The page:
Subscribe for $9/month and receive this weekly newsletter: SUBSCRIBE NOW
Brian Sonenstein examines the decision not to evacuate South Carolina prisoners from the path of Hurricane Florence and what it tells us about the prison strike’s 10 demands and how incarcerated people are dehumanized.
South Carolina corrections officials refused to evacuate prisoners held in mandatory evacuation zones in the path of Hurricane Florence. Their decision should be placed in the context of this year’s prison strike, the call for which originated in that state.
While around one million people in South Carolina were ordered to flee, the state had no such plans for the few thousand prisoners who are also in danger.
To figure out whether this a good idea, one only needs to reflect on the experience of prisoners in Louisiana who were abandoned to the floods of Hurricane Katrina. Locked in their prisons, incarcerated people had to survive for days in water up to their chests. Hundreds of people were unaccounted for in the aftermath. Texas prisoners survived similar experiences during Hurricane Rita and Harvey.
The dangers of trapping people in a building from which they can’t escape, in the path of a major storm, are glaringly obvious: flooding, toxic mold, lost electricity, disrupted access to food, clean water, sanitation, and medical care in facilities that can barely provide them on a sunny day. And the idea that prisoners will be safer, when, at the same time, officials demand everyone else must leave, is a clear statement about the value of incarcerated lives.
It would be incorrect to view these choices as mistakes. It’s not that prisons in South Carolina, Louisiana, and Texas overlooked evacuation plans for hurricanes. It is that city, county and state governments in these states do not feel there will be a political cost if they do not evacuate prisoners.
This is all happening at the tail end of a prison strike announced in the aftermath of a violent incident at Lee Correctional Institution in South Carolina. The strike’s ten demands were not flashy or new but rather basic affirmations of their humanity. They want what we all want: sanitary and safe living conditions, a fair wage for their labor, access to health care and rehabilitation, and the right to vote. But Americans routinely deny prisoners human rights and disappear them without a second thought. We’re taught from an early age that people who end up in prison are there because they’re violent, untrustworthy, bad people. We’re told it’s in everyone’s interest to remove them and forget about them.
Everything we know that casts doubt on these assumptions—such as over-charging, over-policing, over-sentencing, wrongful convictions, racial and economic disparities, etc.—is subjugated to the more comforting idea that we know who prisoners really are, as though they’re all the same.
Reporters have an important role to play in breaking through these myths about incarceration and bringing reality to the surface. In doing so, we can fight the objectification of prisoners used to deny their human rights. Yet because of these stories, barely anyone bats an eye at the struggles journalists face trying to elucidate the experience of incarceration, even though it’s shared by millions of Americans and their families each year.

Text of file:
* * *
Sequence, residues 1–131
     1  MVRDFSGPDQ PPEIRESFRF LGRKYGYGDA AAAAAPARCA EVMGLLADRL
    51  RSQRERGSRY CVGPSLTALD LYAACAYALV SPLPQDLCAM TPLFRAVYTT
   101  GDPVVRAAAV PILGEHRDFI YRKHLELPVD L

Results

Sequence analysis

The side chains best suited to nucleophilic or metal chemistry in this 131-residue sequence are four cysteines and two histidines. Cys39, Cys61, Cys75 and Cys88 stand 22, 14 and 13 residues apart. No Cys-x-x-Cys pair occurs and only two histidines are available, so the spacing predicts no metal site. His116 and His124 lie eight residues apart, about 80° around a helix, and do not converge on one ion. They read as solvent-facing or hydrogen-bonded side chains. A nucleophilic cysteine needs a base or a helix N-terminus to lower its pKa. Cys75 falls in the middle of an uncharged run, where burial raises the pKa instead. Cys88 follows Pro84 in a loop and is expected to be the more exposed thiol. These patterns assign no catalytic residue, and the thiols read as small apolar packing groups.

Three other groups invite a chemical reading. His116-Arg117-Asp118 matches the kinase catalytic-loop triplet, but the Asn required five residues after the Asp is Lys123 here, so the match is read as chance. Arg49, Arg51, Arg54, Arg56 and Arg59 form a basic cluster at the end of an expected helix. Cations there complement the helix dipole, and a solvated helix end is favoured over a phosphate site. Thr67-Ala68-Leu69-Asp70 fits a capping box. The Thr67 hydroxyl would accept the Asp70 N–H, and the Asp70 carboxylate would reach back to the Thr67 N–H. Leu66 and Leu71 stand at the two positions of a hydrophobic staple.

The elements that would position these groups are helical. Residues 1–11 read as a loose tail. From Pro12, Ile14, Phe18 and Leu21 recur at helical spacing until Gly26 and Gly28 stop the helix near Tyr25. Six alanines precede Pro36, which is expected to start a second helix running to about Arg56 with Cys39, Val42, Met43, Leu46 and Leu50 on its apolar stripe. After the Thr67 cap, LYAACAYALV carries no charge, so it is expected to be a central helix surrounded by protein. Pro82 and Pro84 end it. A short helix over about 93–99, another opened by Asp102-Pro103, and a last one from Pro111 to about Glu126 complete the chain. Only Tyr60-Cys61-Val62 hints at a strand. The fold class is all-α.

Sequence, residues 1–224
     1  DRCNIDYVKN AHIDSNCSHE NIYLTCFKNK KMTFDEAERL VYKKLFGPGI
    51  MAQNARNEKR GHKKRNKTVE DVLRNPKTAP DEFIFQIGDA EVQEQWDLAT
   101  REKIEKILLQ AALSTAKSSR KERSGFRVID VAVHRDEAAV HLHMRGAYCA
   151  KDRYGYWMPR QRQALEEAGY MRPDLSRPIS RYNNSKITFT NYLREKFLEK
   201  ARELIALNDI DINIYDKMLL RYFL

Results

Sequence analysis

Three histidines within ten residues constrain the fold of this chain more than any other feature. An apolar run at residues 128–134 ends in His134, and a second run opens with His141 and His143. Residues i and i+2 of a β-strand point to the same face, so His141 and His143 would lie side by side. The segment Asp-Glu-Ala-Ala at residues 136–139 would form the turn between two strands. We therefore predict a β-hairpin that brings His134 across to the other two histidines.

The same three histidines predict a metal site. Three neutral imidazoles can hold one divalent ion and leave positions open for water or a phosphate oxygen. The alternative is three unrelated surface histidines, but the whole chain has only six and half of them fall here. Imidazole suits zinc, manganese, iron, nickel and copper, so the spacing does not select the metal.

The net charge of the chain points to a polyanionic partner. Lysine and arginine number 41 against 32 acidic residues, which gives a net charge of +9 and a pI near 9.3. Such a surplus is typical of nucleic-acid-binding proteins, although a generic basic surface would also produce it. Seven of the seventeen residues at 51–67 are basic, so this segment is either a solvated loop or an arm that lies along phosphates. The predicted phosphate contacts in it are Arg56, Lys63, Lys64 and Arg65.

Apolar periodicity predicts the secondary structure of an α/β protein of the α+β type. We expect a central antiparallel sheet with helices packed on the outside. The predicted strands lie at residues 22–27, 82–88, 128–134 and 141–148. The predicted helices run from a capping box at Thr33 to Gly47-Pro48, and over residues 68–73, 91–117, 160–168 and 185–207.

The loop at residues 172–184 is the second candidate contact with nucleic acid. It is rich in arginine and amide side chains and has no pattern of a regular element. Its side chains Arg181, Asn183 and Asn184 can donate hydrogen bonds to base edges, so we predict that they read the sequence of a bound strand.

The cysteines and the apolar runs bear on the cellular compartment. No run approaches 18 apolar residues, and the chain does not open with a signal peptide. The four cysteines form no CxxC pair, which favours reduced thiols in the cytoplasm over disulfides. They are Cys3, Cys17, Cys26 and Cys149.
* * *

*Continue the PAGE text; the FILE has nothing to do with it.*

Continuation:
Just days before the strike, an incarcerated organizer in South Carolina expressed this dehumanization, disappearance, and objectification to me by comparing it to being hidden away in a warehouse—out of sight and out of mind.
“They’re literally warehousing prisoners across this country today,” the organizer repeated to me throughout our conversation. “We’re being warehoused in poor conditions and we’re being exploited as commodities and as people enslaved for profits.”
It’s easy not to care about objects because they don’t have feelings. It’s easier to leave them behind in a storm than people.
We should all know better by now when it comes to hurricanes and prisons. Yet here we are, making the same choices as a gigantic storm strikes the east coast.
It’s the same situation with the demands, many of which have been a part of prisoner resistance for decades. It is atrocious that they still haven’t been addressed after Attica, Lucasville, Vaughn, or the many other acts of resistance that occur regularly but don’t make headlines.
Prisoners are acutely aware that they are easily and routinely ignored. They understand they may have to face down hurricanes year after year even though everyone knows the dangers. They know they have to make the same demands for basic dignities each year, even though that in itself is so debasing. Yet, they continue to resist in defiance of escalating risks because they believe they have no other choice.
“If we don’t speak up, it’s only going to get worse,” the prisoner told me. “I try to tell prisoners this all the time, we have no choice. Because to say we’re not going to say anything is, to me, continuously being subjected to whatever we’re being subjected to, that we consider unjust, that we consider inhumane. Sometimes we have to understand that we all know that there’s going to be consequences behind us standing up. And that, in itself, is wrong.”